KZN midlands towns face blackouts over R123m Eskom bill
The KwaZulu-Natal department of co-operative and traditional affairs (Cogta) and power utility Eskom have deadlocked on how the embattled Mooi-Mpofana municipality in the KZN midlands will settle its outstanding R123m electricity bill.
This was revealed by newly elected Cogta MEC Sipho Hlomuka in an interview with SAfm on Thursday, after his meeting with Eskom in Pietermaritzburg to discuss how the municipality would settle its bill dating back to 2015.
The meeting was sparked by a notice issued by Eskom on Monday that it would hit the municipality, which covers areas such as Mooi River, Bruntville and Nottingham Road, with rolling blackouts from July 8 if the R123m bill for the bulk supply of electricity, part of which has been outstanding and escalating since July 15 2015, is not settled.
Hlomuka said that they could not come to a conclusion with Eskom but they would meet again on Tuesday to try to find a way forward. However, he did not explain why they did not come to a conclusion with the power utility.
PODCAST | Business Day Spotlight - Government, Eskom & Sasol are on the hook for "Deadly Air"
"We had a meeting with Eskom in Pietermaritzburg. The purpose of the meeting arose from the notice issued by Eskom that they are going to terminate electriticy. We then felt let's urgently meet as Cogta, Mpofana and Eskom and try to come with a way forward. We are very concerned, as Cogta, because we know that terminating electricity in Mpofana will affect innocent residents and communities and we felt, let's meet and come with a way forward.
"I must say we did engage with Eskom but we could not come to a conclusion. We're still going to meet next week Tuesday to come up with a way forward. But we want to request the residents of Mpofana to come forward and pay their debts to the municipality. We're still going to engage the local business people, farmers and ordinary consumers to try to pay their arrears so that we settle the outstanding debt with immediate effect," he said.
Asked what measures had been put in place to ensure that the municipality was run correctly, Hlomuka said he had engaged with the full council and management and they had agreed to come up with a strategy, a realistic cash flow and payment plan. Cogta will also play its role to monitor the municipality.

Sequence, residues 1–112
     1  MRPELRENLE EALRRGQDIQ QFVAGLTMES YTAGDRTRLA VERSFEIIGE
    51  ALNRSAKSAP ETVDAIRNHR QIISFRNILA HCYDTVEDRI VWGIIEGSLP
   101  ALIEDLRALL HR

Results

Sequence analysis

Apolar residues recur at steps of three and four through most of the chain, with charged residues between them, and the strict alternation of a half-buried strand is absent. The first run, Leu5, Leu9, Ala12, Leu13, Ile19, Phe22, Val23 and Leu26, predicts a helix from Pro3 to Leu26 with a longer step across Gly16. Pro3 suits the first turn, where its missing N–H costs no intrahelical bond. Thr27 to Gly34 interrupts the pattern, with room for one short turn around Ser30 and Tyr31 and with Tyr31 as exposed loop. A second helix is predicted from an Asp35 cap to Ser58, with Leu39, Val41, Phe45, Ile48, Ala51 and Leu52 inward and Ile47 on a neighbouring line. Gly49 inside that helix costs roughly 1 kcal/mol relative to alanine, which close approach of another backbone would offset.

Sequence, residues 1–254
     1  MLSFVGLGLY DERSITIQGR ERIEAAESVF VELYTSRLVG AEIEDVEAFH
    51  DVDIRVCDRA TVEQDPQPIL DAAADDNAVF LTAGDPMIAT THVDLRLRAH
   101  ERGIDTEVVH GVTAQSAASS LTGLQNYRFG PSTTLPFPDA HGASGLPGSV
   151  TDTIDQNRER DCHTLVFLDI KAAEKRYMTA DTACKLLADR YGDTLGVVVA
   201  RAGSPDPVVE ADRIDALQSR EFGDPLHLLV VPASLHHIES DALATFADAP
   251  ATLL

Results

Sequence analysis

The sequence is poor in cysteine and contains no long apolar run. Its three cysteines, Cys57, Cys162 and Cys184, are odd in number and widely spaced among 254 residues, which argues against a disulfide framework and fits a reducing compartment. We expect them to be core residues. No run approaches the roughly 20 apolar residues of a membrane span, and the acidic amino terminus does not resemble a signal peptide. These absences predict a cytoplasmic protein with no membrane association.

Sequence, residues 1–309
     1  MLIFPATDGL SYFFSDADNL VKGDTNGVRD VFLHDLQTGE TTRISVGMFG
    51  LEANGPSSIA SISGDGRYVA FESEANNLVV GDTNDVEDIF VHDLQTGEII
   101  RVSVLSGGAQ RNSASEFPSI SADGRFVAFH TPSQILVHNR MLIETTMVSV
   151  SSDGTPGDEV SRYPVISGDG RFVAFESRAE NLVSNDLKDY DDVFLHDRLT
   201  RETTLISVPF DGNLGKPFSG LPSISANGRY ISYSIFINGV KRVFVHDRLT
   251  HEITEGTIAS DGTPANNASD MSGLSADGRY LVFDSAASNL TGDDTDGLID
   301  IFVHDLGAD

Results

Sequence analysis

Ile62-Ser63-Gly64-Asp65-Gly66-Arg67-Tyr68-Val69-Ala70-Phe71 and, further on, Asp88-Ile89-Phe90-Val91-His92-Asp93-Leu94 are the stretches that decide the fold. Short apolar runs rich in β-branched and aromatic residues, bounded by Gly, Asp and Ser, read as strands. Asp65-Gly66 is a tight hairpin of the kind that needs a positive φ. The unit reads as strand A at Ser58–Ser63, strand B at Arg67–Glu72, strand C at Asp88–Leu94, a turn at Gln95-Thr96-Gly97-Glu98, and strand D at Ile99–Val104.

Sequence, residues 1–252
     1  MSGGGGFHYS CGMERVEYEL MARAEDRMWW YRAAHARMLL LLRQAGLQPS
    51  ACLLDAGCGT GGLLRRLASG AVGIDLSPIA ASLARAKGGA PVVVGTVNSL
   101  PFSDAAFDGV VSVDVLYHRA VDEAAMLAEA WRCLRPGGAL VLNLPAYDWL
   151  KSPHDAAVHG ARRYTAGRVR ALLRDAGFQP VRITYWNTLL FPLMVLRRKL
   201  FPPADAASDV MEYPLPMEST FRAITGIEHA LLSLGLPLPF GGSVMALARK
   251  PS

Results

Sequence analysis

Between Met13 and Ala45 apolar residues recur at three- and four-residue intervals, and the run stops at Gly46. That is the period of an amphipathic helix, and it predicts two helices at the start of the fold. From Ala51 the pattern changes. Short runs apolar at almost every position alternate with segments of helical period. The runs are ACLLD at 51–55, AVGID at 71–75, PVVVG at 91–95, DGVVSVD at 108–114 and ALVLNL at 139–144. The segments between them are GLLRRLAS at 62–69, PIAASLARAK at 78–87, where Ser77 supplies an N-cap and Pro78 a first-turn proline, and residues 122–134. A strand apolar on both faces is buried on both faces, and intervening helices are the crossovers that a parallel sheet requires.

"I am going to come back next week after we have finalised a concrete plan with Eskom on how to deal with this matter," he said.
Hlomuka said the main reason that had led to the municipality owing Eskom such a huge amount was because some residents were not paying for their services.
"So they are suffering from that, hence we're going to undertake the revenue enhancement campaign urging the residents to pay so that the municipality will have a sufficient budget to pay Eskom. We are also going to monitor cost-cutting measures so that we implement the control of expenditure within the municipality," he said.
He said another reason for meeting with Eskom was to ask that the planned rolling power cuts do not affect residents who are paying their electricity bills.
"We want to ensure that they don't terminate electricity for everyone. But the municipality working with Cogta is going to develop a billing system that will check those who are not paying and then we engage them to pay," said Hlomuka.
Bruntville residents have threatened to blockade the N3 highway and bring the Mooi River town to a standstill if their electricity is cut off.
The cash-strapped Mooi-Mpofana municipality was placed under administration by Cogta last year after a forensic investigation revealed maladministration, fraud and corruption. It recommended that criminal charges be laid against a number of officials. The implicated officials were subsequently suspended but had to be brought back to work after the municipality was placed under administration.
Mooi-Mpofana mayor Xolani Duma said the administrator was forced to reinstate the officials "because procedurally you can't keep them way over three months when they have not been charged".
"We will proceed with disciplinary action while they are back at work. We're going to ensure that we act on the matters that were pinpointed by the forensic report," he said.
However, Duma said they had discovered some loopholes in the forensic report which was never made public and they would be pursuing further investigations.